This is probably the most enjoyable book I have read/listened to all year and the year is 2/3 complete. For those among us who gravitate to fantasy, this is certainly that. For those looking for something quite unique this is that also. For those among the hopeless romantics, you have come home. I loved everything about this book: the story, its depth and its ending. And narrated by George Guidall; what more could one ask for?

The nature of my world these days has caused me to cut back on the number of reviews that I am able to write. But I just have to share what I find to be the truly wonderful books I come across and this is one of them.

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  • Dawn
  • 2014-04-13

Different and interesting but not exciting

I was very excited to read this book based on the number of high reviews. It is not the genre of book that I didn't care for but rather the style of the writing. The mystical and historical parts of the story were fascinating. However, the flow of the story made it a painful read. I mostly listen while commuting. The story didn't seem to come together until the middle of the book. The beginning was rather dull and several times while listening I needed to switch to music just to stay awake. By the middle of the book the characters became more interesting and listening became more enjoyable. Overall, a different book and somewhat interesting but definitely not a riveting tale.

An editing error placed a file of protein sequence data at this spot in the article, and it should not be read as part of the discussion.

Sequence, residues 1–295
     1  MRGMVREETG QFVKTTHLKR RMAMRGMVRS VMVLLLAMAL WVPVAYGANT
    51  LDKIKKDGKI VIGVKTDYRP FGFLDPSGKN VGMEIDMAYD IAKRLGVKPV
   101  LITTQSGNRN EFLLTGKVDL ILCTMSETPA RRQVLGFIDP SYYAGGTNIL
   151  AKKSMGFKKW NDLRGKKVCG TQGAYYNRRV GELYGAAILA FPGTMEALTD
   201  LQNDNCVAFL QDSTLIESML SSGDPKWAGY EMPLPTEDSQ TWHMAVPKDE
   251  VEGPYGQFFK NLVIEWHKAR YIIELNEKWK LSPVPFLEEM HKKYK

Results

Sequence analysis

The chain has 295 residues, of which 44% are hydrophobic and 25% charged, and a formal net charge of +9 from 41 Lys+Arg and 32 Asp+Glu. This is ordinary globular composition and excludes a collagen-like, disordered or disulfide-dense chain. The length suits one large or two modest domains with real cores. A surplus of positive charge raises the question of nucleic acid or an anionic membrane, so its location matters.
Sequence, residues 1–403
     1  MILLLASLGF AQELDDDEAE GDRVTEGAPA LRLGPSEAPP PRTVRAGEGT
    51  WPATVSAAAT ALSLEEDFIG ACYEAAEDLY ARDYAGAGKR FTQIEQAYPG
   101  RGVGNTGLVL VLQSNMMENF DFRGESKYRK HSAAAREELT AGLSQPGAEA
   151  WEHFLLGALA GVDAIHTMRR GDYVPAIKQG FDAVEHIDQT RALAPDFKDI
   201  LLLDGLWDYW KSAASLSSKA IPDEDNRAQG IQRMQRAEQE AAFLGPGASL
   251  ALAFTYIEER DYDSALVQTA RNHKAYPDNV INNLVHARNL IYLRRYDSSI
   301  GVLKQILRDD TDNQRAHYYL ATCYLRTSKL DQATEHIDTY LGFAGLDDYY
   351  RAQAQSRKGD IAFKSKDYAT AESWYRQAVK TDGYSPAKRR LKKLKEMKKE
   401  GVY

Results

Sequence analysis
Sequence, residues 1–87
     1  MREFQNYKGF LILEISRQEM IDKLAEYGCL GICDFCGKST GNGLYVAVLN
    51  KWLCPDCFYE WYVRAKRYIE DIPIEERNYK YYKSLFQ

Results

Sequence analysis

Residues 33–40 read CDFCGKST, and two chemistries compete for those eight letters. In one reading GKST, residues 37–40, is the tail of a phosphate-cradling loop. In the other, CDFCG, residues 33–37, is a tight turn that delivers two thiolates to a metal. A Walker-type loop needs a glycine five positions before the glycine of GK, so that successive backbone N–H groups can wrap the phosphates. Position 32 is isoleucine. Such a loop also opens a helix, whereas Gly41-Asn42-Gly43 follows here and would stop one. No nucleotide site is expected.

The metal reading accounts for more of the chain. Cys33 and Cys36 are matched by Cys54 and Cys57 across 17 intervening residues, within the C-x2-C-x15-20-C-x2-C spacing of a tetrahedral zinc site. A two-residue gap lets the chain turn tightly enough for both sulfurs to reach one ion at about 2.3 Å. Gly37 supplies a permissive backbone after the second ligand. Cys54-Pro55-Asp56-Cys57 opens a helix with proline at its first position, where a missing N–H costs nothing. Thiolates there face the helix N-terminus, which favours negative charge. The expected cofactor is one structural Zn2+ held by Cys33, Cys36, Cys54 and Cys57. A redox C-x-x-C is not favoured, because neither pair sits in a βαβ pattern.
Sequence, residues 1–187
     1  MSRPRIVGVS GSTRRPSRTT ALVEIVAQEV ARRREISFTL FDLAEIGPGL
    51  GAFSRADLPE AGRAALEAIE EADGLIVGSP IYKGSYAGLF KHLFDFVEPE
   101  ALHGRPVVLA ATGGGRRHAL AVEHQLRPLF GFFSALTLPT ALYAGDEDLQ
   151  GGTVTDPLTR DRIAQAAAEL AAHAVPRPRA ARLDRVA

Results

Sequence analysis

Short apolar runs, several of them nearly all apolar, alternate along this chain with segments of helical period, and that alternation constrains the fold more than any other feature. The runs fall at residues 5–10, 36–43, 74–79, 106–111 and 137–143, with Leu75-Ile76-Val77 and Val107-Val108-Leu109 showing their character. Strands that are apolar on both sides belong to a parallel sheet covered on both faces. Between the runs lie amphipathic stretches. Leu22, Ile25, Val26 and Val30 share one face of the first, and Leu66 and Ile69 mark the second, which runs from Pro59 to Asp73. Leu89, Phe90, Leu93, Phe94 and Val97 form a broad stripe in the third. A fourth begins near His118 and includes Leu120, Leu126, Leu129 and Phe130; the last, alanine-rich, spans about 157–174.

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  • anne
  • 2013-05-22

Not My Usual Genre--So Happy A Friend Recommended!

I have a friend that reads Sci-fi, I read hoaky romance stories and British mysteries. Why she recommended this book to me I will never know, I'm just glad she did. I found myself "sneaking" to listen at work! I knew nothing about Golems or Jinnis before this book. This book is set in 1927 New York. In addition to the fascinating lifes of the Golem and the Jinni, it provides a very interesting peep into what life was like for Jewish, Syrian, etc. immigrants. There is magic, a little romance, religious angst, culture, class differences, 1927 morality, and even the hunt for immortality! I can't wait to hear more from SW. To top it off, one of my all time favorite narrators, George Guidall. I can't say enough about this book. I wouldn't tell Audible this, but this one is worth 2 credits!

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  • David
  • 2015-02-12

Outstanding...Innovative...Delightful

I have pretty high standards for audio books. I want great narration...lively and interesting characters and a plot that moves along at a solid pace.

You get all of that and much more in this outstanding story.

19 plus hours and I wasn't bored once.

This one is a keeper.

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  • Dana
  • 2013-05-08

Loved everything about this!